6. Career and leadership development

Any time you can connect with people in your field, you have the opportunity to advance your career. Becoming actively involved with your association not only opens up educational and networking opportunities, but it can also help you hone valuable leadership skills. Many professional organizations are dedicated to leadership (i.e. the American Organization for Nursing Leadership) or offer leadership education opportunities.

You may also be eligible for tuition discounts and/or educational scholarships offered by the association as a value to their members.

7. Creating the next generation of nurses

Bressie notes that associations are not only educating the next generation, but they’re creating a national network that can provide nurses with unparalleled learning opportunities. “Nurses can problem-solve across the country, research different aspects of nursing and nursing careers, potentially work on projects that they might not have access to otherwise,” she says. “There are even opportunities to purchase professional books and conference tickets at a discount.” Rather than pursuing nursing in a small local bubble, associations open up a wider range of knowledge and experience to nurses everywhere.

Types of professional associations and benefits of each

There are numerous types of professional associations, each with different benefits.

  • American Nurses Association.This is the leading nursing association in the country, offering multitudes of education opportunities, networking tools, and strong advocacy at the state and national levels.
  • Clinical specialty associations. There are more than 100 of these associations where you’ll find the most up-to-date evidence as well as best practices in your specialization. For example, the American Association of Critical-Care Nurses supports, educates, and advocates for nurses in the field of critical care, and Emergency Nurses Association advocates for safe practice and care for nurses in emergency care.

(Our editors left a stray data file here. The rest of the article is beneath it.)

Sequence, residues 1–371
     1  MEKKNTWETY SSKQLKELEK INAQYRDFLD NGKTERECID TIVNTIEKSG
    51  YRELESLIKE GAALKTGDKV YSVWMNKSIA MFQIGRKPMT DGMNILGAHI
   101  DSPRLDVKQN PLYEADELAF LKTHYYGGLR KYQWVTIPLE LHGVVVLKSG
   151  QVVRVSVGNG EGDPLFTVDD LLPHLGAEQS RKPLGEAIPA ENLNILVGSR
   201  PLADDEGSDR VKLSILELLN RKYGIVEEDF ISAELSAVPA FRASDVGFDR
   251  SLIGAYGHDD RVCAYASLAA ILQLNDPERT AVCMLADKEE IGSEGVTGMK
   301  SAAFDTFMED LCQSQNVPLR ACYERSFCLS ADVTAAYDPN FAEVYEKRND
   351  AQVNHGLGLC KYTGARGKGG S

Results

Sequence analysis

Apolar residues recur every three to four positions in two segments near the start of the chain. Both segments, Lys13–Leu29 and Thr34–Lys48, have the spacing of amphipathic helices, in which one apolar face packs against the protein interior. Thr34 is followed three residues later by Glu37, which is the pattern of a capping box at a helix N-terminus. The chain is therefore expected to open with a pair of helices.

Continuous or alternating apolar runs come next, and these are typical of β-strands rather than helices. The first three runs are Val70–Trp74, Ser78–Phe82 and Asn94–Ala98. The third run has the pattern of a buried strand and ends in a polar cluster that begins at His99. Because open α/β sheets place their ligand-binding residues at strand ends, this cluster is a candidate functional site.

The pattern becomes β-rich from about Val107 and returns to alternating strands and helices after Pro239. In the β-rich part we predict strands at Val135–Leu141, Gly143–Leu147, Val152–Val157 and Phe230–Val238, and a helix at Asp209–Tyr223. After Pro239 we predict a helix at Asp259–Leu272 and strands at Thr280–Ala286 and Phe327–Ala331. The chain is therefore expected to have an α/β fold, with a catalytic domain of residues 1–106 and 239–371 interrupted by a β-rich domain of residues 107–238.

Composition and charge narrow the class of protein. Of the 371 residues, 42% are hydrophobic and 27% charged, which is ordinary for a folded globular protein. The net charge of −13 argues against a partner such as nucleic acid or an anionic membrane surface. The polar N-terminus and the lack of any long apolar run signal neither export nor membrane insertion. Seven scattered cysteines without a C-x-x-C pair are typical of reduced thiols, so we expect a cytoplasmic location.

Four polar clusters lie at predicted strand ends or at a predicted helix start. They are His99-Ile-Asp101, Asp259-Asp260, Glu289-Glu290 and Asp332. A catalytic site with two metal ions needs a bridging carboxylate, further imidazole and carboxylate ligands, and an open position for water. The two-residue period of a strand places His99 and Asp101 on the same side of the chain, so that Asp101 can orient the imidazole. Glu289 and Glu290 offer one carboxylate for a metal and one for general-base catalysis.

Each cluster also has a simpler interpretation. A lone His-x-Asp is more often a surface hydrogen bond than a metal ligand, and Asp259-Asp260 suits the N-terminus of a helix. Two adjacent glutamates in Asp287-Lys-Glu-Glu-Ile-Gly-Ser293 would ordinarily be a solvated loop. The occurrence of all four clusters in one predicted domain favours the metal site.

• Cultural/ethnic associations. These provide support, education, and development for various cultural and ethnic groups, and often also promote better health care for patients of those groups. For example, the National Association of Hispanic Nurses and National Black Nurses Association support, educate, and advocate for the health-related needs of particular ethnic groups.
  • Honorific or invitational. These are organizations that bestow honors or announce fellowships, or are associations such as the Sigma Theta Tau International Honor Society of Nursing, which invites high-potential nursing students and existing nursing leaders to become members. They provide education and networking opportunities, as well as recognition of nursing excellence.

Which association to join first

How can a nurse or nursing student decide which association(s) would be most valuable to them? “Every nurse should start by considering joining the ANA. Its broad scope provides a comprehensive way to stay on top of changes and trends impacting practice,” says Bressie.

But you may also find that becoming a member of more than one association can be beneficial, too. Take a look at the websites of associations you think might be worthwhile, specifically the information found on membership benefits pages. There you can find out what the focus of that particular group is—is it education? Professional development? Advocacy? Networking? You can decide which of those is most important to you, and choose the organization that best fits your needs.


View a comprehensive list of nursing associations,and learn more about Capella’s online nursing programs.